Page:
What is clinical research?
Clinical research is research that directly or indirectly involves humans as subjects and can include any of the following:
Direct interaction or intervention between a person or group of people and an researcher such as:
- Medical history from interviews or reviews of medical charts;
- Physical examinations;
- Blood and urine tests;
- Collection of tissue specimens;
- x-Ray, MRI or other imaging study;
- Interviews, questionnaires and surveys.
- Interventions such as a drug, vaccine, diet, psychological counseling or medical device.
Indirect interactions between a person or group of people and a researcher, such as a review of medical records.
What are some of the types of clinical research?
Clinical research includes a wide range of research including:
- Investigation into the mechanisms of human disease
- Studies of the genetics of disease
- Studies of therapies or interventions for disease. These are known as clinical trials
- Studies to develop new technology such as diagnostic tests and devices
- Epidemiological and behavioral studies
- These studies examine the spread of disease, factors that can affect health, and how people make health-related decisions.
- Outcomes and health services research
- These studies seek to identify the most effective and most efficient interventions, treatments, and services.
What are the steps in a clinical research study?
The investigators must first develop a research idea. The best ideas are often based on a problem experienced by the researcher's patients. The researcher usually reads medical journal articles and talks with colleagues in order to learn what others have already done and to improve their ideas.
Before a researcher can begin a study, they need to secure funding to pay for study personnel, statisticians, lab tests, supplies and other costs. A study that only involves a questionnaire could be very inexpensive while a study to test a new drug therapy could be quite expensive. Some research, particularly studies of new drugs, is funded by pharmaceutical companies but most of the research that takes place at CHOP is funded by the National Institutes of Health, large foundations or by CHOP itself.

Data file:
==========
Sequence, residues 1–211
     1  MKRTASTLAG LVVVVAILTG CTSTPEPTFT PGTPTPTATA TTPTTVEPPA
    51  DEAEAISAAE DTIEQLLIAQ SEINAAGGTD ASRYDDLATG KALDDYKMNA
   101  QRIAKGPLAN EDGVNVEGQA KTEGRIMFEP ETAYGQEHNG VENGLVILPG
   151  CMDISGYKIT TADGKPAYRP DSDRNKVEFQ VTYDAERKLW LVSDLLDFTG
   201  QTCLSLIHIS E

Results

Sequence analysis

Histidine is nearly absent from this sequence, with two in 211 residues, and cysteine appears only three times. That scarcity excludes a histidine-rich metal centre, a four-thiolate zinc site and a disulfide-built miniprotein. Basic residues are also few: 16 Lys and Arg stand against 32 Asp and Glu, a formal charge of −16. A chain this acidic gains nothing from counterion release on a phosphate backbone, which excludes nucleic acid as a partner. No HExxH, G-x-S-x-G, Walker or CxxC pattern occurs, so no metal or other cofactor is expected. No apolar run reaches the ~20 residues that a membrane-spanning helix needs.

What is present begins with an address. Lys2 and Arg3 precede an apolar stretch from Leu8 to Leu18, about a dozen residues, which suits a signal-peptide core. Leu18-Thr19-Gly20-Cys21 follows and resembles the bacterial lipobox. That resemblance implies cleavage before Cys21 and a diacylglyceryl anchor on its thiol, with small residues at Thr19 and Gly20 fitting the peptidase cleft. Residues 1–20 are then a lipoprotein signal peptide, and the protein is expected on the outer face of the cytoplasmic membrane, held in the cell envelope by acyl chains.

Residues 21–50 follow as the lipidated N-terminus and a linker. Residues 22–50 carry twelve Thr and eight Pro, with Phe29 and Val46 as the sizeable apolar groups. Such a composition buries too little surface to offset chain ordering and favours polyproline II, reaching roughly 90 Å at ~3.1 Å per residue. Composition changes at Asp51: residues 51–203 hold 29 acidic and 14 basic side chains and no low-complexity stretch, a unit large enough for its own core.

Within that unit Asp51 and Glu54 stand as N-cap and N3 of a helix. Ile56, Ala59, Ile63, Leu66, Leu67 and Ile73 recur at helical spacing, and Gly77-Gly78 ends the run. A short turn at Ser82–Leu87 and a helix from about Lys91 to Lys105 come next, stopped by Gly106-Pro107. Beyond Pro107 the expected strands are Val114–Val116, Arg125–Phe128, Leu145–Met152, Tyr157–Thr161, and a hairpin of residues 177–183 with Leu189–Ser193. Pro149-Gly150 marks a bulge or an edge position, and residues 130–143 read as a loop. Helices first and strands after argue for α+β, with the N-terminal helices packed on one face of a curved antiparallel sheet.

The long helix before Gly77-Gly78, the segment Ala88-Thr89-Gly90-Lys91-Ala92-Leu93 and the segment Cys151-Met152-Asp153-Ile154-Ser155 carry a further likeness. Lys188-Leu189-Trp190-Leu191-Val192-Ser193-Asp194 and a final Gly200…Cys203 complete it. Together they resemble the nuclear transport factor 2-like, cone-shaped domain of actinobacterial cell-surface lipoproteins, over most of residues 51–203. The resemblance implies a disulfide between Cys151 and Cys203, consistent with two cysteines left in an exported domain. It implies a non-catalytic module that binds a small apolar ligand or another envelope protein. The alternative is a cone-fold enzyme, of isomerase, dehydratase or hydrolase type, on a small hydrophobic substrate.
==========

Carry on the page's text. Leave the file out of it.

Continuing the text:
Once the researcher has secured funding to pay for the costs of the study, they need to develop a formal protocol that outlines their plan in detail. The research protocol is the recipe for the study. It outlines the objectives, describes which individuals will be allow to take part, lists all of the procedures and specifies the plans for analyzing the data. The protocol also describes all of the steps that will be taken to protect the individual participants.
Even with grant support and a protocol, the study still needs one more approval from the IRB (institutional review board) which is the hospital's research ethics committee. The members of the IRB have expertise in scientific areas, the conduct of research, research ethics, federal and state laws that govern research and at CHOP, the issues of importance to understanding children and their development.
The IRB is made up of individuals who are independent of the research study. Its job is to protect the rights and welfare of study participants. Its members include:
- doctors and other scientists
- nurses, pharmacists and other care providers
- lay people without scientific training
- people from the community who are not employed at CHOP
The IRB system ensures that an independent group has examined each study and approved it before the research begins. The IRB is also responsible for approving the study consent forms. The IRB makes sure that the consent form accurately describes the purpose of the study, the procedures, the risks and benefits and the protections of the participants confidential information.
Once the IRB has approved the research protocol and consent forms, the investigator can finally start to enroll participants and conduct the research. Some studies only involve a short questionnaire and then are over; others involve experimental treatments that last for years. Regardless of how long the study lasts, the investigator has to follow the plan outlined in the protocol and has to monitor the participants to ensure that the study is safe for them. At least once a year, the investigator has to send a report to the IRB.
When the study is completed, the investigator gathers all of the data collected and begins to analyze the results. For more complex studies, it can take years to finish the analysis and many research papers might result. The process for other studies could be quite quick. In addition to publishing results in medical journals, the results of studies can be presented in lectures and at scientific meetings.